Join George Maestri for an in-depth discussion in this video Setting up the spine, part of 3ds Max: Character Rigging.
Now let's go ahead and start wiring up our spine controls. Now we're going to do this pretty much the same way that he did for the hip control, we're going to use constraints. But for the spine we're just going to use orientation constraints because we don't want to effect the position of the bones. We want those all stuck together. So let's go ahead and go into this first spine control. So I'm going to go ahead and select that. And you'll see that while the position of this is not connected to this lower spine bone, so we need to align position here, so I'm going to use my align tool and align it to my object here but again, I don't want to align orientation.
I just align position along the pivot points, and go ahead and select OK. So now, we have got the position and so that's going to be the axis of rotation. Now, as you saw, the orientation of this bone was not aligned. Now let me show you very quickly what happens if we don't have those bones aligned when we set up our constraint. So if I select this bone here, the spine 01 bone, and constrain orientation to this controller, watch what happens. The spine bends over and it gets all weird. Now, if we wanted to, we could offset this by going down into this constraint and saying keep initial offset, but we need to be consistent with our rig, so if we start off by aligning all the orientations, we need to make sure that we do that throughout the rig. So, I'm actually going to go ahead and undo my way out of this. Get rid of that constraint and we need to again align the orientation of this pivot. So, I am going to go into the hierarchy panelm, Affect Pivot Only, Align and then make sure that we are aligning the axis. So, we can keep position aligned because it already is and hit OK. Now turn off Effect Pivot, and we should get a good orientation. So let's go ahead and select the bone, Constrain Orientation. There we go, so now, I've go rotation on this upper bone. But not position so if I move this, it doesn't move. So one of the things that I want to do is start building a hierarchy, as well as locking down the position of these controllers. So first off, let's go ahead and start building a hierarchy. I'm going to select this, and link it to the hip controller. So when the hip controller moves, that spine control moves as well. Now I also want to take the spine control and go into my curve editor and lock down the position controllers. So go ahead and select all of those, right click, lock and also we can lock scales so right click again, lock. So now I can't move this at all. All I can do is rotate it and so that will not confuse the animator and we'll make sure that the control moves exactly the way that we want. So now all we have to do is just do the exact same thing for each of these spine controls. So now we have to align the pivot of this control to this, so we can go into our hierarchy panel, Affect Pivet Only. Click on our align tool, align this. We want to make sure that we are aligning along orientation, click OK. Turn this off and we should be able to now do an orientation constraint. So I'm going to go ahead and select this bone. Animation > Constraints > Orientation Constraints. There we go. Now let's go ahead and link this controller to the spine. So now our hierarchy's going to be hips, spine, and then spine and then we also want to go ahead and lock down our controllers.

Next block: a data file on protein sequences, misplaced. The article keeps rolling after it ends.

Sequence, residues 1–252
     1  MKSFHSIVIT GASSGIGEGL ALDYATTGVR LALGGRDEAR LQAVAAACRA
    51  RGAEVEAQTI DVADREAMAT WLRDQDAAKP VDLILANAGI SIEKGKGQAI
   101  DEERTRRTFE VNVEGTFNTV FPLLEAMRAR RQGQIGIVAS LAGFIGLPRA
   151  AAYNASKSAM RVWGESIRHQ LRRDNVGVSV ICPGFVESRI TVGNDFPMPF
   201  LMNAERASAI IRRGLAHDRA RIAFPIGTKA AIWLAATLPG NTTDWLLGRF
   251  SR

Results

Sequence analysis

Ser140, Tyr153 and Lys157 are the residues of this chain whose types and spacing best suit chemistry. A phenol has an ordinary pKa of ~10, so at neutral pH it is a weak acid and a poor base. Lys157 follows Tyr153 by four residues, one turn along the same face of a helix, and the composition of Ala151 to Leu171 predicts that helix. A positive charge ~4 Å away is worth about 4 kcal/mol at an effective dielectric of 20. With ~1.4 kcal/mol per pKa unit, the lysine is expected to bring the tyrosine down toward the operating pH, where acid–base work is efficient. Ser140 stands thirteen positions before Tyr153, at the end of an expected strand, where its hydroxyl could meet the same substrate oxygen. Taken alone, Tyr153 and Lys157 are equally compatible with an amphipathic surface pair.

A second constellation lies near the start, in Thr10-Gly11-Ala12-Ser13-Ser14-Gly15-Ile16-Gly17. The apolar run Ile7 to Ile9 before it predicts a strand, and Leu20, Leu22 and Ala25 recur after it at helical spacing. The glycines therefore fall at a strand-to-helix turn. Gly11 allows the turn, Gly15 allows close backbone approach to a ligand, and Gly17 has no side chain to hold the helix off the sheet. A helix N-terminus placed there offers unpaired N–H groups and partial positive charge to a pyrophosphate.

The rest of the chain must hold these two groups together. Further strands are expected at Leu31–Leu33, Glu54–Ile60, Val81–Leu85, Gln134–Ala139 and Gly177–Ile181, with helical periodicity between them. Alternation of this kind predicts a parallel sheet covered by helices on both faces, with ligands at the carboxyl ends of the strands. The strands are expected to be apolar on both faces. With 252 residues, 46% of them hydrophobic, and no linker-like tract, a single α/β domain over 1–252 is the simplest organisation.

So I'm going to go ahead and select my position controllers in the curve editor, right-click, lock, scale, right-click, lock. There we go. So now, we've got two joints and if I want I can rotate this as well and just rotate the spine. So, one more to go, let's do this once more and we've pretty much got it memorized by now. Select the object, align position. But not orientation, so kind of remembers what we did before so we want to make sure that we're just aligning position okay.
Now, affect pivot align again and this time we're not aligning position but we're more concerned with orientation okay. Bone, constrain orientation. There we go, okay. Now all we have to do is link this in and freeze the controllers. So go back into our curve editor, select all the position controllers, lock them. Select the scale controller, right click, lock and there we go. So now we have all of these controllers in place. And again, let's go ahead and do a quick test of our rig and see that the spine controllers are moving, which is great.
Now one thing that I haven't done is actually set up my color scheme here. So let's go ahead and do that as well. I'm going to select all of these and let's go ahead and give it a color. So I want red for the middle. So let's go ahead and select the light red here, and now we've got a color that's a little bit more descriptive so the animator knows what he sees. So again, remember, orientation constraints make sure all the pivots are aligned and then link the skeleton in using a hierarchy and mark those parameters off that you don't want to use.
- Setting up layers
- Drawing and positioning bones in the skeleton
- Rigging foot controls
- Creating hip and spine controls
- Setting up IK and FK skeleton controls
- Wiring the IK/FK switch
- Rigging hands
- Skinning characters
- Setting up single- and multiple-axis face controls